Apple's Shift to OLED was to provide users with the most Realistic and Lively Images as Possible for AR Apps
A division of ABI Research published a report earlier this month which stated that companies adopting OLED displays are doing so to promote virtual and augmented reality applications because users are able to experience more realistic and lively images with faster response time, richer color and higher contrast ratio comparing to LCD.
Yesterday Patently Apple posted a report about Tim Cook being interviewed by BuzzFeed's Nicole Nguyen and Cook stated this about AR:
"It will change the way people shop, it'll change the way that entertainment and gaming is done, it'll change the way people learn, education and literally change everything. It'll change the way business is conducted. The beauty of AR in my view is, the virtual world then becomes an amplifier of the physical world."
In June when talking to Businessweek about AR, Apple's CEO told them the thought it will be profound. "I am so excited about it, I just want to yell out and scream. The first step in making it a mainstream kind of experience is to put it in the operating system. We're building it into iOS 11, opening it to developers—and unleashing the creativity of millions of people. Even we can't predict what's going to come out."
Apple loves to focus on the customer experience when designing their hardware and software in unison. It's the Apple signature. And so it's easy to see that Apple wanted to not only focus on delivering a new AR platform, but also one backed by the best visuals available which translated to delivering custom enhanced OLED displays.
This month's research report by ABI added that "OLED displays for virtual and augmented reality have been widely used in all industries including games, advertising, and education, and related applications have recently been actively pursued.
According to the Korean Intellectual Property Office (KIPO), the filing of OLED display for virtual and augmented reality is on an increasing trend each year. In particular, the number of related applications has greatly increased over the last 3 years. More specifically, there were 240 applications in 2014, 263 in 2015, and 439 in 2016, and applications for OLED display technologies for virtual and augmented reality have increased rapidly since 2014.
According to the 'Display Market Report for AR and VR' published by UBI Research, OLED for AR and VR will hold 52% market share and by 2021 it'll leap to 80% market share.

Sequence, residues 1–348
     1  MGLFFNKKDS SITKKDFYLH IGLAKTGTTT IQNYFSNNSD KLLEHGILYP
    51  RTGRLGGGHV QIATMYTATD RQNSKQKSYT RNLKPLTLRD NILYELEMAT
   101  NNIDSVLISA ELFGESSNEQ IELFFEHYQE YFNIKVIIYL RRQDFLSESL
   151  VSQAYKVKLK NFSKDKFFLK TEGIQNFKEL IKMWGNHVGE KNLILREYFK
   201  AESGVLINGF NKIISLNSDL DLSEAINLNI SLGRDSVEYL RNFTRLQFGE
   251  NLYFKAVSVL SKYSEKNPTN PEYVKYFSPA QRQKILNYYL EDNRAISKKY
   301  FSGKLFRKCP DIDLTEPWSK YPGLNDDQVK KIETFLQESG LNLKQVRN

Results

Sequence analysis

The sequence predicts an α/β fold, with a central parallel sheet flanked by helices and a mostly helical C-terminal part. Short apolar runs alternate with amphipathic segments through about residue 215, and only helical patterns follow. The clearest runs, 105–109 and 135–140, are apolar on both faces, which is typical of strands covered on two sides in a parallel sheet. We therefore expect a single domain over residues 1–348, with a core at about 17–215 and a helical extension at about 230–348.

Also, given the prospect that the virtual and augmented reality market will increase to about $ 80 billion by 2020, OLED displays suitable for virtual and augmented reality devices are being developed in various forms such as flexible, rollable (example), bendable (example), and stretchable displays (example), and it is expected that applications for OLED display technology for virtual and augmented reality will continue to increase accordingly.
Applications for these kinds of displays by major application companies include 465 filings by LG Electronics, 216 by Samsung Electronics, 51 by Microsoft Corporation, 29 by Samsung Display, 20 by SK Planet, 17 by Qualcomm and 17 by LG Display.
Although the report failed to mention Apple, you could check out our archives on different kinds of future displays that Apple has filed patents for.
Finally, the report notes that specific OLED display applications for specific fields of virtual and augmented reality applications include: 426 cases of personal entertainment (game, theme park, experience); 169 cases of defense (war simulation, weapons development, fighter pilot); 141 cases of advertisement; 131 cases of medical treatment (3D simulation, virtual endoscopy, simulation); 123 cases of healthcare and 117 for movies. The majority of applications, according the study, indicate that OLED display technologies for virtual and augmented reality are most actively used in the game and defense industries.
The medical field is likely a future focus for Apple regarding OLED displays. Apple's focus of late has been all-things-health for Apple Watch including heart studies and so with Apple's new iMac Pro launching later in the quarter, Apple is aiming to meet the needs of developers at the very high end of the market who are working on real-time 3D animation, AR and VR applications as well as advanced health studies and related imagery. Once OLED suppliers are up to speed, we're likely to see Apple shift to OLED for future Macs as well.
Though at the end of the day, the driver for Apple to shift iPhone displays from LCD to OLED iPhones in the short run was, as the report in-part suggests, to support ARKit for AR applications and games so that they could claim to have the largest AR platform in-the-making.
And as we noted at the top of our report users will be able to experience more realistic and lively images with faster response times, richer color and higher contrast ratio when playing games and other applications on an iPhone X versus an LCD based iPhone. As Apple now markets: iPhone X – Say hello to the future. And the future begins on November third.
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